Associate Professor with term in Classics and Chair of the Classics Program
J.R. Howard Hall
Gordon Kelly is an Associate Professor with term in Humanities. He received a Ph. D. in Classical Studies from Bryn Mawr College in 1999, with a concentration in Ancient History. He has taught courses on Latin and Greek language and literature, Roman and Greek History, Classical Mythology, Roman Law, and the family in the Roman World. Professor Kelly’s research has focused on the connection of politics, law, and social history in the Roman Republic, and he is the author of the forthcoming book, A History of Exile in the Roman Republic (Cambridge University Press). He is also interested in how ancient military practices reflect the social ideals of the Greco-Roman world, and has served as a rower on the reconstructed ancient Greek warship Olympias during three sea-trials in the 1990s.
SpecialtyLatin and Greek language and literature, Roman and Greek history
Spring 2018 Courses
CLAS 320 Greek and Roman Epic
MWF 1:50pm - 2:50pm
Examination of six epic poems (in translation) from Classical antiquity: Homer’s Iliad and Odyssey, Apollonius’ Argonautica, Virgil’s Aeneid, Lucan’s Civil War, and Statius’ Thebaid. Focus on the traditional themes of the epic genre, including the nature of heroism, the relationship between mortals and gods, issues of peace and war, and the conflict of individual and communal goals; how ancient authors adapted epic conventions to suit their own artistic goals; how these epics reflected the values and history of contemporary Greco-Roman civilization; and their influence in antiquity and beyond.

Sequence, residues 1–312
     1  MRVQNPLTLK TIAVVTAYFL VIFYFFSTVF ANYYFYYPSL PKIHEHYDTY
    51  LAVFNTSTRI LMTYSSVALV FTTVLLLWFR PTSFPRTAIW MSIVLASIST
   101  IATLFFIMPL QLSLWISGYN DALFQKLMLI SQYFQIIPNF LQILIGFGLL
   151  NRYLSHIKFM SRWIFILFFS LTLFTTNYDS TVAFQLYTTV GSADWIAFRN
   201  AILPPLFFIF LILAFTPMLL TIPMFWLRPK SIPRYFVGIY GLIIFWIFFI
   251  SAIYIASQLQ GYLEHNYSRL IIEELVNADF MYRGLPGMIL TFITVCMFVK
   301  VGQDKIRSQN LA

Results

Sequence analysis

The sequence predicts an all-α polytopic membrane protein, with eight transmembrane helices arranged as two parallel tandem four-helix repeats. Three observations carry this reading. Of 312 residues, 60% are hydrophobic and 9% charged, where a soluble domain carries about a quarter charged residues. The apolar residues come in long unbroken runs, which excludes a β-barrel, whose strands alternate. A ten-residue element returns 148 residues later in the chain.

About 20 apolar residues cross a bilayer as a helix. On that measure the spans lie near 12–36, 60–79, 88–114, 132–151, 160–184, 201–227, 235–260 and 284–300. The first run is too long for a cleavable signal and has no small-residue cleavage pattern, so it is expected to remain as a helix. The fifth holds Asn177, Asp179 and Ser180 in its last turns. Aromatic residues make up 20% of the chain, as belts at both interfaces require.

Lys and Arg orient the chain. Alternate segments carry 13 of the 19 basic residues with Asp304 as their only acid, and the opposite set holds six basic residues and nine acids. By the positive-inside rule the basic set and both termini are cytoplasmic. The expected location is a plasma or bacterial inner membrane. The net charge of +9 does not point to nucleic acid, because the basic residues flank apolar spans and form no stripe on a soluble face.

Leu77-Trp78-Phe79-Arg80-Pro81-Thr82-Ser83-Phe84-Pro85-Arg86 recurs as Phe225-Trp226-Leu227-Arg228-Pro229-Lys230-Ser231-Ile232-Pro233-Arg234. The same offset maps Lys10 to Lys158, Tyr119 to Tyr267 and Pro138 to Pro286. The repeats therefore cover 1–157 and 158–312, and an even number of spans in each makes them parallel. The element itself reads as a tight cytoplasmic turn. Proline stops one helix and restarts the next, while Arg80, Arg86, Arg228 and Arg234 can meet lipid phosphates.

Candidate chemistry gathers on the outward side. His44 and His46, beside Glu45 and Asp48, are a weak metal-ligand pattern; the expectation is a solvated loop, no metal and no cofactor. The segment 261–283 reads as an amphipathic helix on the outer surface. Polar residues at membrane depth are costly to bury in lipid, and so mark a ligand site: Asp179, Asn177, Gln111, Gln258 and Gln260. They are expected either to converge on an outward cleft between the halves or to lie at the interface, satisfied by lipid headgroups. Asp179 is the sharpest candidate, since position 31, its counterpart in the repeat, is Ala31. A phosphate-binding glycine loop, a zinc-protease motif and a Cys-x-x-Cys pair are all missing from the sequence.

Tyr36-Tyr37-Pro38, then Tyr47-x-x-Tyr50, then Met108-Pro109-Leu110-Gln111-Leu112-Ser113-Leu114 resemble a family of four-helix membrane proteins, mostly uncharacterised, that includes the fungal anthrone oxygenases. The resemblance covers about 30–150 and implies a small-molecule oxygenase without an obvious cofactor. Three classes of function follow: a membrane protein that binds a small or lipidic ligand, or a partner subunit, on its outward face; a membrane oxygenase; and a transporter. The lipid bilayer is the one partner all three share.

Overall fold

Restrictions: Sophomore standing required.
HIST 219 Ancient Rome
TTH 1:50pm - 3:20pm
A history of Rome from the foundation of the Roman Republic in the late 6th century B.C. to the end of the Severan dynasty in 235 A.D. Special emphasis on Rome’s political transformation from a republic to an empire and the effect of this transition on Roman civilization. Topics include Roman conquest and imperialism, religion, contact with other Mediterranean cultures, class conflict, law and governance, slavery, and family structure. The interpretation of primary source materials (especially ancient historical writings) and the problems of reconstructing the history of a civilization that flourished 2,000 years ago.
LATN 102 Beginning Latin II
MWF 10:20am - 11:20am
Emphasis on basic vocabulary and grammar necessary to read Latin texts of the Classical period.
Prerequisites: LATN 101 or placement exam.
Ph.D. 1999, M.A. 1993 Bryn Mawr College. B.A. 1991 Rutgers University, B.A. 1985 Villanova University